“We need to realign how we think about defense,” he said. “What we have been doing isn’t working and so we have got to come up with some different approaches to doing our network defense.”
Part of the reason for this failure is that “we keep trying to act like cybersecurity is a purely technical problem, and it is not,” he said. “It is also a political problem, it is an economic problem, it is a human psychology problem, and as long as we try to treat it like it is a purely technical problem we are not going to succeed.
Today “you have got a lot of different actors that are getting into the game. Both nations and criminal organizations,” he said. “You are also seeing a willingness to cross lines — being destructive in a way that you never saw previously.”
Updated | Over 800 earthquakes have now been recorded at Yellowstone supervolcano over the last two weeks, with the ongoing swarm taking place on the western edge of the National Park.
But there is virtually no risk of the volcano erupting, the United States Geological Survey (USGS) currently lists the volcano alert level as normal and the aviation color, which lists the potential risk to fights, is at green.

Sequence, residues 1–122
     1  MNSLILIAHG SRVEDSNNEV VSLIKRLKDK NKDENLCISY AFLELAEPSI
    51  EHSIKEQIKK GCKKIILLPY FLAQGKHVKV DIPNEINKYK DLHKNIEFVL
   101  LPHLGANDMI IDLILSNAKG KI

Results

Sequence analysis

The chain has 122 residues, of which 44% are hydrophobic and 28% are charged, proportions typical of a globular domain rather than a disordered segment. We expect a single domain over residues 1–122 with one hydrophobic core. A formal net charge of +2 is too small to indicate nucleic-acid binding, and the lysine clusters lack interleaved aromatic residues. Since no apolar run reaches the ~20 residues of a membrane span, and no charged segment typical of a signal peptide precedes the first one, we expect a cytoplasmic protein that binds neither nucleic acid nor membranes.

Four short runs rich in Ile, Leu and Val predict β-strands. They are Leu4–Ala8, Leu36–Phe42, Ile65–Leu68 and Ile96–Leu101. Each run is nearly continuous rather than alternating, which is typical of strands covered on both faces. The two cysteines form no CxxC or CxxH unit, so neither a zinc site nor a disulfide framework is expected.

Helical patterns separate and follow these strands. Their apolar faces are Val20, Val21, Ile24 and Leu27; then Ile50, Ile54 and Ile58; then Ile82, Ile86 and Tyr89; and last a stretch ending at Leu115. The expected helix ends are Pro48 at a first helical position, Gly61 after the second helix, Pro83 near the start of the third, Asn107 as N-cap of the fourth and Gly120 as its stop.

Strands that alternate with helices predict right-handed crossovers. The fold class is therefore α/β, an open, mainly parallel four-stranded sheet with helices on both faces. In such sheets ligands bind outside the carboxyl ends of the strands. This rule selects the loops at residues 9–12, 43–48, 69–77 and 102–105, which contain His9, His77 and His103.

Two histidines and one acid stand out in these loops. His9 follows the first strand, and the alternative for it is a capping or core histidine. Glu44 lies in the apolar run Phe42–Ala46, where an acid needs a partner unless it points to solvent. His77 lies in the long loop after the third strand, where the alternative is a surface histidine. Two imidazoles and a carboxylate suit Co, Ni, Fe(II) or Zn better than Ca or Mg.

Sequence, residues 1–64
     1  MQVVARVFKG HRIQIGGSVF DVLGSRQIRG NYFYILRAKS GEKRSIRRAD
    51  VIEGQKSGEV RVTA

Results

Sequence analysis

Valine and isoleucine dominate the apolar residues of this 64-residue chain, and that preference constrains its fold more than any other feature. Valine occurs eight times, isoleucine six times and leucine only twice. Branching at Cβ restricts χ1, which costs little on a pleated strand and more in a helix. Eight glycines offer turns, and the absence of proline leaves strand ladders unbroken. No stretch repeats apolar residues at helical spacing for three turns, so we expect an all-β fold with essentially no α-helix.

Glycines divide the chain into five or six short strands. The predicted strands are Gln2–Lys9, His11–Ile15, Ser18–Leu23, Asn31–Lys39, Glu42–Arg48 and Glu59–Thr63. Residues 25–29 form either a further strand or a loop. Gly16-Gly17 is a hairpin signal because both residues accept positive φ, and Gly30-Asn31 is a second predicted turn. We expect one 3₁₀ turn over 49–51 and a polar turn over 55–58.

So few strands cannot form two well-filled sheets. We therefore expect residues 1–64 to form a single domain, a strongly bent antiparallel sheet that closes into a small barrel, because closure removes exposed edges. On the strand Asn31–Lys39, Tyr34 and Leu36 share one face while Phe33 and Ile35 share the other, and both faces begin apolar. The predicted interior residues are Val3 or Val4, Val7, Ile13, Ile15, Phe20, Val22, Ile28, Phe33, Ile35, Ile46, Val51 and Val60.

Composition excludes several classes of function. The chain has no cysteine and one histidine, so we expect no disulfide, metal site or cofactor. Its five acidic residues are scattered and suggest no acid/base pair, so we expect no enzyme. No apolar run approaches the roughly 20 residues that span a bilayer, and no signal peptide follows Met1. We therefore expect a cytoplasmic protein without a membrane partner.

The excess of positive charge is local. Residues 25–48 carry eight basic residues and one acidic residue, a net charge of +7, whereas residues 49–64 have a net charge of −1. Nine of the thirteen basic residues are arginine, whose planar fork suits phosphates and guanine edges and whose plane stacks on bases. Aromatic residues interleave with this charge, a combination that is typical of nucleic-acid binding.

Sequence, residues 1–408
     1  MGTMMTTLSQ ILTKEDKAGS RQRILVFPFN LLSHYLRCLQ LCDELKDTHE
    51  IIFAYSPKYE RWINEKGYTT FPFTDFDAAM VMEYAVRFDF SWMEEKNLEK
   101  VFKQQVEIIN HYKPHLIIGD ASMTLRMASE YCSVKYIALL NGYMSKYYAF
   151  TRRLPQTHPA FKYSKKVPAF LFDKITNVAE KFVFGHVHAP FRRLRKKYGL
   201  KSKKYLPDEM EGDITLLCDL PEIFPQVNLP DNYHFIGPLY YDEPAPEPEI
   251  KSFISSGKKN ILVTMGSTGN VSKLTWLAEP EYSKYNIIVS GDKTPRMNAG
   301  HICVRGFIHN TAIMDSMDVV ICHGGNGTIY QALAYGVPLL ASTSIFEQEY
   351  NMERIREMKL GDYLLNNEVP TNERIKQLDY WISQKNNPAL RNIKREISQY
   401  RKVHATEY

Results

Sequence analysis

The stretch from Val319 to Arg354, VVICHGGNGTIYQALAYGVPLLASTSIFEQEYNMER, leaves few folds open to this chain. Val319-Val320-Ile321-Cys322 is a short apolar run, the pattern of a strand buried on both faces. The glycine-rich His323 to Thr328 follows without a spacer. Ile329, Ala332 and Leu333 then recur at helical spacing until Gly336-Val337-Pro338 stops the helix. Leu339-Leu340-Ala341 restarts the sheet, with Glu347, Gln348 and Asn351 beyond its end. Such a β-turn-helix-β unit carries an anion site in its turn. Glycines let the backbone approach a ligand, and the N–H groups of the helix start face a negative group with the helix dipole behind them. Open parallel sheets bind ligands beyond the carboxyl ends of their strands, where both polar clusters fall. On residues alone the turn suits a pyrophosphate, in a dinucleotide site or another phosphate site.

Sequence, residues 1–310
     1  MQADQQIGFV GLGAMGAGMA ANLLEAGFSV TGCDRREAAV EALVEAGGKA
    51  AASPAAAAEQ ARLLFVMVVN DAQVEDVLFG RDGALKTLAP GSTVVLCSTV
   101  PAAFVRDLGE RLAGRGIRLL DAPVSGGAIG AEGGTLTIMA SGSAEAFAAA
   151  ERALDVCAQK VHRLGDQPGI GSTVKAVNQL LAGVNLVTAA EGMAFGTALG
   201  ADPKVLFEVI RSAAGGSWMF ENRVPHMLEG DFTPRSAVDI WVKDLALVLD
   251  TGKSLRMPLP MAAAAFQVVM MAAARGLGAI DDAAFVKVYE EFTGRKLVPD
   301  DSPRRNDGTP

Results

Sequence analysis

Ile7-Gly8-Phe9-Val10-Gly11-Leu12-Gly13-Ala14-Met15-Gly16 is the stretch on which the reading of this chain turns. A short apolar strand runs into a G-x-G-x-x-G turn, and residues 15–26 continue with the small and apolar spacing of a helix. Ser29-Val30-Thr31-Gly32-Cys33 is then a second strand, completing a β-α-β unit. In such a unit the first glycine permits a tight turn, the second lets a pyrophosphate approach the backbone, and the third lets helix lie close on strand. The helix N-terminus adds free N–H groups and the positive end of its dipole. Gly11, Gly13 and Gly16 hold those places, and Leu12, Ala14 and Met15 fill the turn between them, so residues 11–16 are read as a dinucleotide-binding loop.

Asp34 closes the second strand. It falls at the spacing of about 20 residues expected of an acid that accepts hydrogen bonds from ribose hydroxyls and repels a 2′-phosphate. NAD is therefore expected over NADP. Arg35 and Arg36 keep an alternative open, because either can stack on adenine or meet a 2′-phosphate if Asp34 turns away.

However, in a newly released statement about the ongoing swarm, seismologists from the University of Utah said 878 events have now been recorded at Yellowstone National Park.
The University of Utah is part of the Yellowstone Volcano Observatory (YVO), which provides long-term monitoring of earthquake and volcanic activity in and around Yellowstone National Park. Jamie Farrell, Research Professor at the university, said that as of June 26, 878 events had been recorded as part of the ongoing swarm.
“The swarm consists of one earthquake in the magnitude 4 range, five earthquakes in the magnitude 3 range, 68 earthquakes in the magnitude 2 range, 277 earthquakes in the magnitude 1 range, 508 earthquakes in the magnitude 0 range, and 19 earthquakes with magnitudes of less than zero,” the latest report said.
Truckee has been rocking Tuesday, with at least 28 small earthquakes shaking the high Sierra town overnight, the largest registering a magnitude 3.9 according to the United States Geological Survey.
The largest quake hit at 2:09 AM local time at an incredibly shallow depth, essentially right at the surface.
In the eastern Sierra, the researchers reported observing increased fault movement with snowmelt in late spring and summer. Closer to the coast, in such spots as the San Andreas Fault, they tracked greater quake activity in summer and early fall with drying streams and soils.